Cell viability was assessed using the neutral red assay (TOX4 kit, Sigma-Aldrich, St. Louis, MO, USA) following manufacturer’s recommendations.
Results are expressed as mean ± SEM. Statistical analysis was performed using SPSS 24.0 (SPSS, Chicago IL, USA). Comparisons between each treatment and the controls were carried out by Student’s t test. Statistical significance was set at the P < 0.05 level.
Effect of apigenin, hesperidin and kaempferol on triacylglycerol content and cell viability in hMSC-derived adipocytes during differentiation
While apigenin did not decrease TG content, hesperidin induced a decrease at both 10 and 25 µM and kaempferol at the three doses used (Fig. 1a–c). Apigenin, hesperidin or kaempferol did not produce a loss of viability of hMSCs even when exposed to the highest concentration of each compound (25 µM) (Fig. 2).
Effect of apigenin, hesperidin and kaempferol in hMSC-derived adipocytes during differentiation
On day 3, the expression of c/ebpβ and pparγ was measured in cells treated with the three phenolic compounds at 25 µM. Apigenin did not modify the expression of these genes. By contrast, hesperidin-treated cells showed lower mRNA levels of both genes. In the case of kaempferol, cells showed a significantly reduction in pparγ gene expression and a trend towards lower values in the case of c/ebpβ (P = 0.06) (Fig. 3).
On day 8, apigenin did not modify c/ebpβ gene expression, while hesperidin and kaempferol-treated cells showed lower mRNA levels than the control cells (Fig. 4). Furthermore, gene expression of transcription factors involved in the intermediate stage of adipogenesis, c/ebpα, pparγ and srebp1c, is presented in Fig. 5. Only hesperidin significantly reduced srebp1c mRNA levels. Regarding the late stage of adipogenesis, acc, perilipin and scd1 gene expression was determined. Apigenin reduced acc and perilipin gene expression. In turn, hesperidin induced a reduction in perilipin mRNA levels (Fig. 6).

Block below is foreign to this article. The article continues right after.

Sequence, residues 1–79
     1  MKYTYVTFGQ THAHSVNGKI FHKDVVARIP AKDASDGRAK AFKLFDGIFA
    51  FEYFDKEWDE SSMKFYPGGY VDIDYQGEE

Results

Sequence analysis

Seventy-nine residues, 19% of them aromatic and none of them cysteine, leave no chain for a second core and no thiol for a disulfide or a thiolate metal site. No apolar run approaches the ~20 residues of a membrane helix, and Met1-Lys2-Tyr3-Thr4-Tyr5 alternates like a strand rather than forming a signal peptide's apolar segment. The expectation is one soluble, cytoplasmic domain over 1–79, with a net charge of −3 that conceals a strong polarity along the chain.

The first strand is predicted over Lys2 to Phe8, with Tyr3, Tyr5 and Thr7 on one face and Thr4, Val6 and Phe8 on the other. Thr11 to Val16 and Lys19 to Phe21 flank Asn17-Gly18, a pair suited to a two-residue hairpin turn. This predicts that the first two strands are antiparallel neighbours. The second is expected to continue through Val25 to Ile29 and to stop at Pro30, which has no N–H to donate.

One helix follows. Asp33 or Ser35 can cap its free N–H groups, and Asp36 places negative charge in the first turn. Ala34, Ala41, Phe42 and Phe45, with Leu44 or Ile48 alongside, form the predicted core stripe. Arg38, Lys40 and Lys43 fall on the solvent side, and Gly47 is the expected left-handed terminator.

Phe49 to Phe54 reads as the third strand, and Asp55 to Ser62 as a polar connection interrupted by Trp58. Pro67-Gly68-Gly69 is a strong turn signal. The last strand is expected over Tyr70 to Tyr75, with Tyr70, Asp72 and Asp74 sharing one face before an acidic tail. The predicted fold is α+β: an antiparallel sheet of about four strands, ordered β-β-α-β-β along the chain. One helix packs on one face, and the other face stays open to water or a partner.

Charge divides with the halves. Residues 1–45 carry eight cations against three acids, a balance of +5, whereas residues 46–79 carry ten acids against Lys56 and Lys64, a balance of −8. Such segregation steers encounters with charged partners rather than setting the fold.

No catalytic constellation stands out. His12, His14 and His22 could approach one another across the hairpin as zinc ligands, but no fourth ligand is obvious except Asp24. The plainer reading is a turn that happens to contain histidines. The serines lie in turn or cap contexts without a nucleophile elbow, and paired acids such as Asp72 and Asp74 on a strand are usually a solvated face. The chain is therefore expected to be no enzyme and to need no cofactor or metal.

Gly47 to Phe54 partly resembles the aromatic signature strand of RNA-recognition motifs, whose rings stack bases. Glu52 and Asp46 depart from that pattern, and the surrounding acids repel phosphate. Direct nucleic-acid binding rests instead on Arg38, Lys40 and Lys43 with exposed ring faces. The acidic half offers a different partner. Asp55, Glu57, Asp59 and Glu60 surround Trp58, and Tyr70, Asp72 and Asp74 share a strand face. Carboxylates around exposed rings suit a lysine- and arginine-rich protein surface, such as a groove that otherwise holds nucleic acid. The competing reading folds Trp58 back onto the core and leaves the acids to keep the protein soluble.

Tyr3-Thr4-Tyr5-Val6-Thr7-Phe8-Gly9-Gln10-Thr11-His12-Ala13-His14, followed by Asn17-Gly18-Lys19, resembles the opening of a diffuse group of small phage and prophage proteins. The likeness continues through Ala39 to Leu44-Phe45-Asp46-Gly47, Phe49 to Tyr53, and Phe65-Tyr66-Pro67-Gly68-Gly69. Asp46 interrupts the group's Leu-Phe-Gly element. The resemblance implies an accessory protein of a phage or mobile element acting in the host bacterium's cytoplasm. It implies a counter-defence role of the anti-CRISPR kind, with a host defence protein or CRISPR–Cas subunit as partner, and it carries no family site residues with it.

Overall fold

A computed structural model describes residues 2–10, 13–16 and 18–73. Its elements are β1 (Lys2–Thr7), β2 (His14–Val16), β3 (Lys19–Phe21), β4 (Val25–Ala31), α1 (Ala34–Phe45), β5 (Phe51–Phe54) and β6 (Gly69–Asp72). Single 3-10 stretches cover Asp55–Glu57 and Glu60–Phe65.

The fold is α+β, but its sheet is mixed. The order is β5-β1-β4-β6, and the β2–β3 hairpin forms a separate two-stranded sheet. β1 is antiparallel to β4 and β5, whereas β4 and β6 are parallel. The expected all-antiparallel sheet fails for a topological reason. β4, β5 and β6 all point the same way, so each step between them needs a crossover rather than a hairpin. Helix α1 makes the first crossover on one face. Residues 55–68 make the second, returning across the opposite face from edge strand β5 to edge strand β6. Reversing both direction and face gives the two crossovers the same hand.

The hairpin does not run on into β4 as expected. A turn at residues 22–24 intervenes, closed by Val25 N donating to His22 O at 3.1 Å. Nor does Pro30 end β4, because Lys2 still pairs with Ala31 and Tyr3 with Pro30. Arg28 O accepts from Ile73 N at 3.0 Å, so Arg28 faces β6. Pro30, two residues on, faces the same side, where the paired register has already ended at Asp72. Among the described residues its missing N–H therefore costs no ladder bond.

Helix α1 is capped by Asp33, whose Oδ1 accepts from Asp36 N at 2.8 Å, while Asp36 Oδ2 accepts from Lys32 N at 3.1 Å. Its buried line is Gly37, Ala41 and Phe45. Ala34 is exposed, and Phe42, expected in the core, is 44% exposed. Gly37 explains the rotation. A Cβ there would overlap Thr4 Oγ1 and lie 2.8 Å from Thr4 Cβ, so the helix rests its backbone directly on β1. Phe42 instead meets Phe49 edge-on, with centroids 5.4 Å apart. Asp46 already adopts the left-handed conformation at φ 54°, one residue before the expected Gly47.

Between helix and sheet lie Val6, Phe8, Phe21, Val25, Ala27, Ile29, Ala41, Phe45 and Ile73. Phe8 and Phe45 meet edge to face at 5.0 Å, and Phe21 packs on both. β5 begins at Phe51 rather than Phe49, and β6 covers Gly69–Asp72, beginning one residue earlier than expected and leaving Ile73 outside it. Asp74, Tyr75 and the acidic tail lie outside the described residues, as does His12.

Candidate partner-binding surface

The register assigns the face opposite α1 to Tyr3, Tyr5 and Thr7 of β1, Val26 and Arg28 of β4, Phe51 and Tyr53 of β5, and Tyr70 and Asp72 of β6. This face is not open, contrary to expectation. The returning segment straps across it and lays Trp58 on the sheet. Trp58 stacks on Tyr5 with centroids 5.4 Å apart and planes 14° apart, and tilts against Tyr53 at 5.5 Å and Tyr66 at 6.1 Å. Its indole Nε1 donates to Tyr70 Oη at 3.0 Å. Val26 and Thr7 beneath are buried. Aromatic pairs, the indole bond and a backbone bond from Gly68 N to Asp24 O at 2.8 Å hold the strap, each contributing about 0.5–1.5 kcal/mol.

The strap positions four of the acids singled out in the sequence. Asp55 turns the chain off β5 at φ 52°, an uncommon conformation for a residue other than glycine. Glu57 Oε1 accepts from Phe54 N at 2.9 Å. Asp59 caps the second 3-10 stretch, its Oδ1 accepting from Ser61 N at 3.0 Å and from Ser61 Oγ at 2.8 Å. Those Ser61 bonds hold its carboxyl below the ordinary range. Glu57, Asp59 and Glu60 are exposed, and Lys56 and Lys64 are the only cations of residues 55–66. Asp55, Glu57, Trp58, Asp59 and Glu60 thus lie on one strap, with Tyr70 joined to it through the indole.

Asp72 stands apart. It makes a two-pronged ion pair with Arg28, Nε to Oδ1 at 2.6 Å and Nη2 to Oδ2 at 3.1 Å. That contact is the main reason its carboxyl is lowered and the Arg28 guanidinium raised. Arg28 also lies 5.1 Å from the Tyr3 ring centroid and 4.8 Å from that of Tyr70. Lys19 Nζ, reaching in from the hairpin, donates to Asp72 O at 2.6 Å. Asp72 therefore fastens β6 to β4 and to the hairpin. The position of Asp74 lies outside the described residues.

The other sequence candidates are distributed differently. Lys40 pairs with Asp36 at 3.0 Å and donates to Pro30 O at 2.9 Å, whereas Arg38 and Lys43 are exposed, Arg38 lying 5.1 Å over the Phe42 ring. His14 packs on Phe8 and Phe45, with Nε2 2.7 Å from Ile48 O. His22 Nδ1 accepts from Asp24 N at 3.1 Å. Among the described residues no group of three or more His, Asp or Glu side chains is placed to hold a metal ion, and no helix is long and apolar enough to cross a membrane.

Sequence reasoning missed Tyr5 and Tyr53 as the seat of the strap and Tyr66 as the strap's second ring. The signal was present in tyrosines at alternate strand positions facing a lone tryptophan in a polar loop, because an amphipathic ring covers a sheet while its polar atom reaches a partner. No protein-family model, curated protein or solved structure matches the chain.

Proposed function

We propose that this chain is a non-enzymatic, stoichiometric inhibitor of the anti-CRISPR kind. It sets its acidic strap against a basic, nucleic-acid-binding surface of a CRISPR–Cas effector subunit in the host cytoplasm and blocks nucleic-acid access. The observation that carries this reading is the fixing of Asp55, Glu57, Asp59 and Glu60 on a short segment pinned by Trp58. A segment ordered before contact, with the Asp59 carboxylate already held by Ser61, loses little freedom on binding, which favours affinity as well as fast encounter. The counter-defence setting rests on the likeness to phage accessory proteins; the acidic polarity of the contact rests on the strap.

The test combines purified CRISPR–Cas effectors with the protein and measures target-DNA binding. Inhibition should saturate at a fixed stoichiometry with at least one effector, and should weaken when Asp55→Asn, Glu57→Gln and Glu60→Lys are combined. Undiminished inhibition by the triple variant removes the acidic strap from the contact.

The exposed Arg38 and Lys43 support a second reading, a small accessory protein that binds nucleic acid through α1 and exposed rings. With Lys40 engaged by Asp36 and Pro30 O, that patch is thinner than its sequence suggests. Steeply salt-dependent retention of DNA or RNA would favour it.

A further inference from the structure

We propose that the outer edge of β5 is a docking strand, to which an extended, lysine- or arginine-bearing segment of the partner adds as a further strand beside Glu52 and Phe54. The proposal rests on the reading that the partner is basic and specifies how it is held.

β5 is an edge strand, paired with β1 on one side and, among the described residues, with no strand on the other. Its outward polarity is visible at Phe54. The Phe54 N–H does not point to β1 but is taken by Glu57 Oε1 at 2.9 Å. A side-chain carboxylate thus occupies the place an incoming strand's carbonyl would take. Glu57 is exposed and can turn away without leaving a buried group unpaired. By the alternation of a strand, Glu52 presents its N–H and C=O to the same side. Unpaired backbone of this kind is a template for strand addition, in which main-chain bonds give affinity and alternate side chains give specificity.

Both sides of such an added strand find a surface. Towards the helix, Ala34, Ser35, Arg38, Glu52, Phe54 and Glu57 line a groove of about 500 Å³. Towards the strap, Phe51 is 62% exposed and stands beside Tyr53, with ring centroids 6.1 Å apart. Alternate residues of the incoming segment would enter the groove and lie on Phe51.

Effect of apigenin, hesperidin and kaempferol on triacylglycerol content in mature adipocytes derived from hMSCs
The lowest doses, 1 and 10 µM of apigenin, hesperidin or kaempferol did not reduce TG content in mature adipocytes (Fig. 7a and b). However, 25 µM of the three phenolic compounds led to a significant diminution of TG (Fig. 7c).
Effect of apigenin, hesperidin and kaempferol on gene expression of mature adipocytes derived from hMSCs
Gene expression in mature adipocytes was measured at 25 µM. The three compounds increased atgl mRNA levels (Fig. 8a). In addition, apigenin and hesperidin decreased gene expression of fasn (Fig. 8e). No changes were observed in the expression of hsl, acc, dgat2 and scd1 (Fig. 8b–d, f).
In recent years, a large number of scientific studies have focused on phenolic compounds as potential new tools for obesity management. In this context, our group previously analyzed the effect of fifteen phenolic compounds, belonging to different chemical groups, on 3T3-L1 pre-adipocytes, in order to know the potential relationship between the efficacy on adipogenesis inhibition and the chemical structure .
The present work aimed to study the responses of human pre-adipocytes and adipocytes obtained from stem cells to three polyphenols: (a) apigenin, a natural flavonoid widely distributed in plant foods such as chamomile tea, grapefruit, onions, oranges and some spices like parsley, (b) hesperidin, a flavanone glycoside abundant in citrus fruits and (c) kaempferol, a natural flavonol originally isolated from tea, broccoli and other plant sources, and to compare them with those obtained previously in murine adipocytes under the same experimental conditions. We selected these three compounds because they showed greater effectiveness in our previous study carried out in 3T3-L1  and because their mechanisms of action have been little studied. We carried out the experiment in a range from a physiological dose of 1 μM [26,27,28,29,30,31,32] to a high dose of 25 μM.
Apigenin did not show an anti-adipogenic action. By contrast, pre-adipocytes treated with hesperidin and kaempferol showed reduced TG content at the end of the maturation process, suggesting that these compounds induced a reduction in adipogenesis. These results are different from those obtained in our laboratory in 3T3-L1 pre-adipocytes . In these cells, apigenin and kaempferol were anti-adipogenic at 10 and 25 μM, and hesperidin was effective at the three experimental doses. These results suggest that kaempferol, and mainly hesperidin, could be useful to prevent obesity in those stages of life where adipogenesis, significantly contributes to obesity development, such as childhood, adolescence and adults with severe levels of obesity. By comparing these results with those previously observed in 3T3-L1 pre-adipocytes, we can state that the latter seem to be more responsive to apigenin and hesperidin than pre-adipocyte derived from human stem cells, but not to kaempferol. This confirms the existence of important interspecies differences in adipocyte function and thus the difficulty in extrapolating results from murine adipocytes to human adipocytes.